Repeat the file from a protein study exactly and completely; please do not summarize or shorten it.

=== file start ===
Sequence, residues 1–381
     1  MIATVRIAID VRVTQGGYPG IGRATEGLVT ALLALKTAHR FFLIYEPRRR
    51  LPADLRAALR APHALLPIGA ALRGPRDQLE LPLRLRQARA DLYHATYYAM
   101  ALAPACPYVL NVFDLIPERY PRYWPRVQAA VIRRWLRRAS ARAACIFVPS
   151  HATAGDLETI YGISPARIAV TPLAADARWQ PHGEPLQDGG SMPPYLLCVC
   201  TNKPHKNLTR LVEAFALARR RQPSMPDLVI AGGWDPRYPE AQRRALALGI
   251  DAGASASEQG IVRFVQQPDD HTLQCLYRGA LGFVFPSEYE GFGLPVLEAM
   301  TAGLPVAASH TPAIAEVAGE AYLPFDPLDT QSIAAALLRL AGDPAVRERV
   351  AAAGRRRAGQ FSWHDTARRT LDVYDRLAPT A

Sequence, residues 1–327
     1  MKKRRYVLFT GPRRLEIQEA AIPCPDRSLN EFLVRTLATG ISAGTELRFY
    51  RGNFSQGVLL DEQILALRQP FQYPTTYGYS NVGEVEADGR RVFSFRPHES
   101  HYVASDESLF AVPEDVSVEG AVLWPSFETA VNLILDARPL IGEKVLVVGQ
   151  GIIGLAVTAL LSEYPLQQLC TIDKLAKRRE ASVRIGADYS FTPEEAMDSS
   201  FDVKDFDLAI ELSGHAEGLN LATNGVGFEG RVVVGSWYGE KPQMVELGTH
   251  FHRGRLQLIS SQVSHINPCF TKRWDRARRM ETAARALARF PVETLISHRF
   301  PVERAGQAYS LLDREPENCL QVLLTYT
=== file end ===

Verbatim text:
Sequence, residues 1–381
     1  MIATVRIAID VRVTQGGYPG IGRATEGLVT ALLALKTAHR FFLIYEPRRR
    51  LPADLRAALR APHALLPIGA ALRGPRDQLE LPLRLRQARA DLYHATYYAM
   101  ALAPACPYVL NVFDLIPERY PRYWPRVQAA VIRRWLRRAS ARAACIFVPS
   151  HATAGDLETI YGISPARIAV TPLAADARWQ PHGEPLQDGG SMPPYLLCVC
   201  TNKPHKNLTR LVEAFALARR RQPSMPDLVI AGGWDPRYPE AQRRALALGI
   251  DAGASASEQG IVRFVQQPDD HTLQCLYRGA LGFVFPSEYE GFGLPVLEAM
   301  TAGLPVAASH TPAIAEVAGE AYLPFDPLDT QSIAAALLRL AGDPAVRERV
   351  AAAGRRRAGQ FSWHDTARRT LDVYDRLAPT A

Sequence, residues 1–327
     1  MKKRRYVLFT GPRRLEIQEA AIPCPDRSLN EFLVRTLATG ISAGTELRFY
    51  RGNFSQGVLL DEQILALRQP FQYPTTYGYS NVGEVEADGR RVFSFRPHES
   101  HYVASDESLF AVPEDVSVEG AVLWPSFETA VNLILDARPL IGEKVLVVGQ
   151  GIIGLAVTAL LSEYPLQQLC TIDKLAKRRE ASVRIGADYS FTPEEAMDSS
   201  FDVKDFDLAI ELSGHAEGLN LATNGVGFEG RVVVGSWYGE KPQMVELGTH
   251  FHRGRLQLIS SQVSHINPCF TKRWDRARRM ETAARALARF PVETLISHRF
   301  PVERAGQAYS LLDREPENCL QVLLTYT